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Houston’s Stonewall, 40 Years Later

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The night Anita Bryant came to Texas.

“Before Anita, ‘gay community’ meant where the bars were. After Anita, ‘gay community’ meant people.”—Activist Ray Hill

By Andrew Edmonson

It was Houston’s Stonewall, a watershed moment in Texas LGBT history. It drew thousands to the streets to protest in a deeply homophobic time, focused national media attention on the Bayou City’s nascent gay-rights movement, and inspired waves of LGBT activism.

Forty years ago this month—on June 16, 1977—more than 8,000 gay and straight marchers took to the streets of downtown Houston to protest singer and antigay crusader Anita Bryant, who was performing at the Texas State Bar Association’s annual convention at the Hyatt Regency Hotel.

The Houston Chronicle published a front-page story about Bryant on the day of her visit, shown above. LGBT activists had less than a month to organize the protest and used fliers like the one below to spread the word.
The Houston Chronicle published a front-page story about Bryant on the day of her visit.

The protest made front-page news in Houston, and was covered by the New York Times, United Press International, NBC News National Radio, and The Advocate, among others. “New York and L.A. used to get all the news. This demonstration put Houston, Texas, on the map,” recalls Rev. Troy Perry, founder of the Metropolitan Community Churches, the first international denomination for LGBT Christians.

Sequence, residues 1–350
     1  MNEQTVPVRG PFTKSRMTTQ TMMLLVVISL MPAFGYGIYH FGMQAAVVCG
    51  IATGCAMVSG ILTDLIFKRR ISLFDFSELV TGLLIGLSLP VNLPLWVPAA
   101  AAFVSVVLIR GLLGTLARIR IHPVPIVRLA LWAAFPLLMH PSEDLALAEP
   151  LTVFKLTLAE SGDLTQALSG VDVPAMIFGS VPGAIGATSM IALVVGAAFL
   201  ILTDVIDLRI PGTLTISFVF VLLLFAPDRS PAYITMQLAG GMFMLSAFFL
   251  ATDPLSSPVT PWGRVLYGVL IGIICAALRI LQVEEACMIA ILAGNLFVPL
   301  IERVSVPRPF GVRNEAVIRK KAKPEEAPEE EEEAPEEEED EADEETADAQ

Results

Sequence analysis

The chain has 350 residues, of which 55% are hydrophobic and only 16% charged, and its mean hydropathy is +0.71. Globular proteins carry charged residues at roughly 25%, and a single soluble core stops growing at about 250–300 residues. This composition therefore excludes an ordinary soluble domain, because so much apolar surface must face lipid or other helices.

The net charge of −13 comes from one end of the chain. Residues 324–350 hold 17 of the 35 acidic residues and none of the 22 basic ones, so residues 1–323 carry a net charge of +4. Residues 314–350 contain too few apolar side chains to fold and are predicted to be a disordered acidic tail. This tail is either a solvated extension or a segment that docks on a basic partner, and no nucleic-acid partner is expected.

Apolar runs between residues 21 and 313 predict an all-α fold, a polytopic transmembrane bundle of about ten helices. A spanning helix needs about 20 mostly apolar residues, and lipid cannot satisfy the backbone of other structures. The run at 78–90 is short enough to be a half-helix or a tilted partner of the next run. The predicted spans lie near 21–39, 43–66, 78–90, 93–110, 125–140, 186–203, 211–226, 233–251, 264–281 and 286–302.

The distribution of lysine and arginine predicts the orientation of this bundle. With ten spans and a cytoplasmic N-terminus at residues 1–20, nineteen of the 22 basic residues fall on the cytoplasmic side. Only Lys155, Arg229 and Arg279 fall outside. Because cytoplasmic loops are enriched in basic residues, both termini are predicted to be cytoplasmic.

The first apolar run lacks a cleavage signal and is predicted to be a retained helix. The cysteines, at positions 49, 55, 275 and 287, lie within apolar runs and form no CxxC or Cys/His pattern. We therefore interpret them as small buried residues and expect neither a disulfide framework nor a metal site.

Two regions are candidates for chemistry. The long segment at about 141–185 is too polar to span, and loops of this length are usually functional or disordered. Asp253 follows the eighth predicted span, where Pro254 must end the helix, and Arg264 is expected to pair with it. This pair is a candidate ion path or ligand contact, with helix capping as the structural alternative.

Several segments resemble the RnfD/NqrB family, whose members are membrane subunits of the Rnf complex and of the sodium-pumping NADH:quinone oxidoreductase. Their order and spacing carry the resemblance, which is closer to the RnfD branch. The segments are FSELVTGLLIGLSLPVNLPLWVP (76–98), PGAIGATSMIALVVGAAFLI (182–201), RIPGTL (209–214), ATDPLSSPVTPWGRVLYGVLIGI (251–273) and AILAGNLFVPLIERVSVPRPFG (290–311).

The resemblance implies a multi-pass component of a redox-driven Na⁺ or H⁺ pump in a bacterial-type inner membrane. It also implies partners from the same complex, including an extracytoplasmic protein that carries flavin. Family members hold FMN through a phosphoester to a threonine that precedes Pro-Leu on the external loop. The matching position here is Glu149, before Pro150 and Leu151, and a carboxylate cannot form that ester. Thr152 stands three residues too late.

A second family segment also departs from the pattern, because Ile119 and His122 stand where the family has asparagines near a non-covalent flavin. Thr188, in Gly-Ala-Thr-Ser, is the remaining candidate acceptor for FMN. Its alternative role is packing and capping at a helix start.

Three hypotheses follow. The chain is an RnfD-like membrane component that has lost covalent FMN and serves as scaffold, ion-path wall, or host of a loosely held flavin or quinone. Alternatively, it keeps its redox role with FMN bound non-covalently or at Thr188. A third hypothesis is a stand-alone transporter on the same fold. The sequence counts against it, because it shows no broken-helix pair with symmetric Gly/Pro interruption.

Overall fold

“That that many people showed up was just incredible,” says Perry, who was a featured speaker at the march. “I constantly travelled doing rallies, preaching at churches, and talking to organizations. I talked about that march everywhere I went. They would ask me, ‘Is there anything happening for gay rights in Middle America?’ I told the Houston story over and over again.”

Virginia Apuzzo, who served as executive director of the National Gay and Lesbian Task Force, also spoke at the march. “Anita Bryant and her folks may well have thought Texas would be easy,” Apuzzo says. “But I believe her presence, and the Houston’s community’s emphatic response, amplified the ‘alert’ to the rest of the country that what was coming was far more than Anita Bryant. The Radical Right was virtually pimping our lives to fill their coffers [by promoting] the kind of hate-politics we’ve seen over the years.”

Pioneering Houston activist Ray Hill believes that if it hadn’t been for Bryant’s 1977 visit, Annise Parker would have never become the first openly gay person elected mayor of a major U.S. city in 2009. “I know that’s an enormous leap, but I think that with Anita coming to town and giving us a clear target to organize an opposition to, [it] had an enormous effect on our ability to put together a robust movement that accomplished its goals,” Hill said in a 2013 interview with LGBT historian JD Doyle.